Top Tips for... Spotting stress and dealing with it

20th June, 2017

Top Tips for... Spotting stress and dealing with it

Stress isn’t always a bad thing – it can motivate you to push yourself out of your comfort zone and to do your best. Stress can even be related to positive experiences, such as getting a new job or a promotion. But even if you’re doing a job you love, feeling frazzled and anxious can have a real impact on our work lives, as well as at home. Being mindful of your mental health and taking some proactive steps to look after yourself and others can prevent more serious issues in future. 

Here are out top tips for spotting the signs of stress and dealing with it.

1. Figure out what stress is

Stress is your body’s way of identifying and responding to a threat or demand. Stress is our body’s defence mechanisms kicking in when you sense any danger, real or imagined. It is your body’s way of trying to protect you and when it works properly, and in moderation, it can keep you feeling alert, focused and full of energy. Feeling a little stress can help keep you stay motivated and on your toes at work. But when it starts to take over your life, it can really damage your quality of life. 

2. Learn to spot the signs and symptoms of stress

Stress can manifest itself in many ways and the signs and symptoms creep up on you. You may even feel that it’s normal. Stress can have an impact on your cognitive functions making it hard to concentrate at work. You may feel you have poor judgement or are unable to make decisions easily, your memory suffers and you worry a lot. Stress can lead to emotional issues such as anxiety, loneliness, irritability and anger or depression. Physical symptoms of stress could include nausea and dizziness, a rapid heart rate or a low immune system. Stress can also affect the way you behave, such as the way you sleep and eat.

3. Talk about your feelings

A problem shared is often a problem halved. If work is stressing you out then sharing your worries with a work mate, friend or family member can make you feel less alone. Taking control of your feelings and talking about them isn’t a sign of weakness – it’s the first step in taking charge of your mental health and wellbeing. The more we talk the less stigma there will be associated with mental health problems too.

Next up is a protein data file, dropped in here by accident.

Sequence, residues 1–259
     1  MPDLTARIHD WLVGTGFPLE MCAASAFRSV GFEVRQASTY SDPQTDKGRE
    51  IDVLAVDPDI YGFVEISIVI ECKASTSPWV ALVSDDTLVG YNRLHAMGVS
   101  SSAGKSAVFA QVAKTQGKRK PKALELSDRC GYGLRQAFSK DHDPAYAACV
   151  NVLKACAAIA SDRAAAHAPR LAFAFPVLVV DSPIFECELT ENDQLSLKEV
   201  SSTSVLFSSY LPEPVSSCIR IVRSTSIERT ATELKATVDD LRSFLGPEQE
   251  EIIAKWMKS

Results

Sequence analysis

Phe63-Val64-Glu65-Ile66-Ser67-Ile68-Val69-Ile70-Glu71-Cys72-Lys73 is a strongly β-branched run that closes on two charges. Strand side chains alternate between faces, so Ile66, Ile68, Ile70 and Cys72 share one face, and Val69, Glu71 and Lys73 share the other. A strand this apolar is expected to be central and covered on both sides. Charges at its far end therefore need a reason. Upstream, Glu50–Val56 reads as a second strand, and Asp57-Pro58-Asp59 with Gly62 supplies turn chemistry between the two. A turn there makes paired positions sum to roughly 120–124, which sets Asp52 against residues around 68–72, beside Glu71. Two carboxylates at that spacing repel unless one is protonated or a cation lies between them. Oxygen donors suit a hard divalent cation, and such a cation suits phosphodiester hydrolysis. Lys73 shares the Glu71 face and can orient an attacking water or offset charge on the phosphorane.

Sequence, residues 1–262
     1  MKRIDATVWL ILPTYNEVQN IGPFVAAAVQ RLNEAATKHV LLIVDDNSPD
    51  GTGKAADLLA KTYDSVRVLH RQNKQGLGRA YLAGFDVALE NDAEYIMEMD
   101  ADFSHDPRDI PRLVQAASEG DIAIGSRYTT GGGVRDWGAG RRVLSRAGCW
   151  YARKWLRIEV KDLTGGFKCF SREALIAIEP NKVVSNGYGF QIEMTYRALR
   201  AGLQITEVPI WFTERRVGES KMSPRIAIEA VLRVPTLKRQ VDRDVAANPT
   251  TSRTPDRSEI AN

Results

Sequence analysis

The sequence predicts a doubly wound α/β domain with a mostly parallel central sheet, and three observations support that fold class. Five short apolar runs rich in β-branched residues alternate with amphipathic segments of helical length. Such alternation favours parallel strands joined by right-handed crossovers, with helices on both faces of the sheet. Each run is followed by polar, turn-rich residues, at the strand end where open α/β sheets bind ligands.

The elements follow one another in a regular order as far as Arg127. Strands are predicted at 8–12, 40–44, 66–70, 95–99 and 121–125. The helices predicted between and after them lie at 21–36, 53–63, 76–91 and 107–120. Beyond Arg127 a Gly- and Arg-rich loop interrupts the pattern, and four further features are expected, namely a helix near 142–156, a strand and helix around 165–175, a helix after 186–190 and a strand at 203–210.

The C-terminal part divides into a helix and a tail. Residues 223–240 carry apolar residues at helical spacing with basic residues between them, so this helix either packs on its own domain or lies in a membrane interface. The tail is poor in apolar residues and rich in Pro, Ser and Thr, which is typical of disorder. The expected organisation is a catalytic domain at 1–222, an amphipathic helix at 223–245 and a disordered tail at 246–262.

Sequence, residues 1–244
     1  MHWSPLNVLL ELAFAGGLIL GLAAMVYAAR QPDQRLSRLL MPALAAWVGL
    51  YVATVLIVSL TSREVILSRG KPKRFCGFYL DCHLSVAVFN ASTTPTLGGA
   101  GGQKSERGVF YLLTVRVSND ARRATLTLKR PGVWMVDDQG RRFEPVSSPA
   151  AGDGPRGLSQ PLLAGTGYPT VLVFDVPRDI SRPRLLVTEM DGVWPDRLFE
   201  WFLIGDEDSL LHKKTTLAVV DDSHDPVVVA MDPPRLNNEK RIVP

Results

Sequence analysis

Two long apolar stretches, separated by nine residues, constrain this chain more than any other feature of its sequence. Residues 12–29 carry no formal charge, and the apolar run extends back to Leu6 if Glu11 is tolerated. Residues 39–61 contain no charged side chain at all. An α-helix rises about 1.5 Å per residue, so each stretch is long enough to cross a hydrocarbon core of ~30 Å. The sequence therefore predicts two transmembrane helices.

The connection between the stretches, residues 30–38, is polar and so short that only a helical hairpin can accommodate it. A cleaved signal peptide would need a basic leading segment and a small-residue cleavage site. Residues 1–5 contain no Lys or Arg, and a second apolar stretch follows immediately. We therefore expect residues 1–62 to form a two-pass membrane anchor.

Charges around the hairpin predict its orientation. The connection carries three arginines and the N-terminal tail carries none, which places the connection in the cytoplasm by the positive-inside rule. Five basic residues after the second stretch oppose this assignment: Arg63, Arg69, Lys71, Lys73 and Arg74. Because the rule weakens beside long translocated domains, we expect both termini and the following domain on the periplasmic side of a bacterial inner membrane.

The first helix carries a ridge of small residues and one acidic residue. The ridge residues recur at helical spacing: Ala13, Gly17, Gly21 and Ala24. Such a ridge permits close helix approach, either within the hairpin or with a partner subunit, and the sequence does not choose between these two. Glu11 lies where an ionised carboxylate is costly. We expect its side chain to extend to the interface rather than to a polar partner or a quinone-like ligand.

4. Get your work/life balance right

Balancing busy work lives with families, holidays and a social life can be really tricky.  Figuring out what and who to prioritise can leave us feeling torn and rather guilty if you’ve prioritised one over the other. Working harder and longer doesn’t necessarily mean we are working more effectively and this can soon take its toll on our mentalhealth and productivity. If you’re often the last to leave work, now is the time to put some boundaries in place to help ensure your work doesn’t take over your personal life too. Small things like writing ‘to do’ lists can make a real difference and help you prioritise. Using the journey to and from work to unwind and do something which makes you happy, such as listening to music, a podcast or reading a book can also help.

5. Prioritise your workload and learn to say no

If a situation is stressing you out beyond what you feel comfortable with then listen to your gut because it may be your instincts telling you to rethink the situation. It may be that you need to say no to a new contract, take on extra support or stop working on something that isn’t working out. Or it may be that your gut is telling you to slow down and ask for some help. 

6. Regain some control

Stress is basically a sense of feeling out of control. One way of dealing with it is to figure out how to regain some ownership of any situation which is causing you anxiety. First of all you need to identify what the problem is and what elements of the situation you do have some control over before thinking of practical and strategic ways of overcoming the issue. You also have some control over how you react to stressful situations so it’s a good idea to anticipate what problems may occur and develop a rough plan for how you might respond.

7. Look after your body, as well as your mind

Living a stress-free lifestyle may feel too good to be true and while you can’t completely rid your life of all stresses, you can control how much it affects you. Regular exercise can really lift your mood by boosting the endorphins which make you feel happier and more positive. Relaxation exercises such as meditation, mindfulness and yoga can also help balance the ‘fight or flight’ feelings associated with stress and enable you to deal with stressful situations better.

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Steve HintonWritten by Steve Hinton

Steve Hinton is an experienced Executive Coach and Consultant working with Chief Executives, Managing Directors, Senior Executives and other leaders and can work with you to create exceptional and successful leadership teams.

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